Why are there fewer female scientists at the top?

<p>Díaz, Osborn, Didion, Lois and Guinovart</p>
Díaz, Osborn, Didion, Lois and Guinovart
  • <p>Díaz, Osborn, Didion, Lois and Guinovart</p>
  • <p>Mary Osborn</p>
  • <p>Participants at the Barcelona BioMed Forum</p>
  • <p>Joan Guinovart</p>
  • <p>Catherine Didion</p>
  • <p>forum</p>
  • <p>Guinovart, Lois, Díaz, Didion and Osborn</p>

Four women experts offer practical advice on how to maintain leadership positions in science in a Forum organized by IRB Barcelona and the BBVA Foundation.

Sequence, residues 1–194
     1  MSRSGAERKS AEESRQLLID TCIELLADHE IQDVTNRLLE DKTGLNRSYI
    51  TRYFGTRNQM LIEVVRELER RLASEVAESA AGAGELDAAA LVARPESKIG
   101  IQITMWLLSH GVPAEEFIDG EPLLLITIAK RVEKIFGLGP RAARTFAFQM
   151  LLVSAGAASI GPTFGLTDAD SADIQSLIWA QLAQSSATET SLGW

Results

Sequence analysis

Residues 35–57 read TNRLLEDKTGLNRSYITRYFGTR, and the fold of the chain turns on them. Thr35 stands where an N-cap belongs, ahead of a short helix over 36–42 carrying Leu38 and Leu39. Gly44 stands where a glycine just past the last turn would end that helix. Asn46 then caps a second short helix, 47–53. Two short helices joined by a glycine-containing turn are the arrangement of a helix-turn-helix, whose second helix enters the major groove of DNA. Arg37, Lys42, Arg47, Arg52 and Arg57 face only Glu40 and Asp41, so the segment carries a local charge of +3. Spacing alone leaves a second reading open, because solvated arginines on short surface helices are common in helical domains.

If the percentage of women holding PhDs in science in Spain is greater than that of men, about 53% vs. 47%, then why do so few women researchers occupy top positions, 16.90% vs. 83.10%(*)? The reason can be attributed to several factors associated with social, cultural, political and institutional aspects that do not favour the access of women to top positions or facilitate the reconciliation of family and professional life. In fact, most women who wish to advance in their scientific career often have greater difficulty in climbing the professional ladder, obtaining resources to fund their projects and occupying eminent posts in their field of research. This situation and the measures that are being undertaken and those required to reverse this tendency were the focus of a debate held today at the auditorium of the Barcelona Science Park entitled From woman to woman: Practical advice on how to get and stay in science, part of the Barcelona Biomed Forum series organized by the Institute for Research in Biomedicine (IRB Barcelona) in collaboration with the BBVA Foundation.